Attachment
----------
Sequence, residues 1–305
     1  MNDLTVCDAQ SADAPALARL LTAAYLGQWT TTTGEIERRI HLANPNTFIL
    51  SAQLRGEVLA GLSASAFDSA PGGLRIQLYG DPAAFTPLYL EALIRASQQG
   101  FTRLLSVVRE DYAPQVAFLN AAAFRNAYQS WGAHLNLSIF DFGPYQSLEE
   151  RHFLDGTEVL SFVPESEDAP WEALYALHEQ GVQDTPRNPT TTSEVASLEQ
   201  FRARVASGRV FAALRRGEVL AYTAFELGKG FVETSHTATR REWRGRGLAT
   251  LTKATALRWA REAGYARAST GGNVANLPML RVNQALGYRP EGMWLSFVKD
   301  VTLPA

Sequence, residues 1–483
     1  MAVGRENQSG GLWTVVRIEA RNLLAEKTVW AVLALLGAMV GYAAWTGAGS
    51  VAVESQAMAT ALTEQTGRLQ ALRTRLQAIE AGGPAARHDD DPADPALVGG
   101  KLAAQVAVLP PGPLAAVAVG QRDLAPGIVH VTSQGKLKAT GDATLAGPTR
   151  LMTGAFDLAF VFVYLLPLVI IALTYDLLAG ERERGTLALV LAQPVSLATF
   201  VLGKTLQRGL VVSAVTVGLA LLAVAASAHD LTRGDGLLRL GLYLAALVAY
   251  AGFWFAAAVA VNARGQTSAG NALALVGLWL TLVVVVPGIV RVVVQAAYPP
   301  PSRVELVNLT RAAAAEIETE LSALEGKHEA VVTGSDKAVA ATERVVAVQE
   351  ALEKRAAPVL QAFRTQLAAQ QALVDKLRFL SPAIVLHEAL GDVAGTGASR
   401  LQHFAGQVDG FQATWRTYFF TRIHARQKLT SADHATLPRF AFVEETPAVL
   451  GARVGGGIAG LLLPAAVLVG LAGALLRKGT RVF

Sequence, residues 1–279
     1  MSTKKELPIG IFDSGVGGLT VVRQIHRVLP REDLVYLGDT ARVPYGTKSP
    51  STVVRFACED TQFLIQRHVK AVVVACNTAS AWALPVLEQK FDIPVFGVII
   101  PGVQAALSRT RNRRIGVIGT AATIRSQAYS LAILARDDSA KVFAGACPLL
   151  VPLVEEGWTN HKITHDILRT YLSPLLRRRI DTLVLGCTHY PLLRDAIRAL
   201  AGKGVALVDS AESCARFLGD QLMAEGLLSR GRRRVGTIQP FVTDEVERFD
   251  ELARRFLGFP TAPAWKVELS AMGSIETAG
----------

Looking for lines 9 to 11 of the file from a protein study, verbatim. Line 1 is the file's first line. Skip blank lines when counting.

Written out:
Sequence, residues 1–483
     1  MAVGRENQSG GLWTVVRIEA RNLLAEKTVW AVLALLGAMV GYAAWTGAGS
    51  VAVESQAMAT ALTEQTGRLQ ALRTRLQAIE AGGPAARHDD DPADPALVGG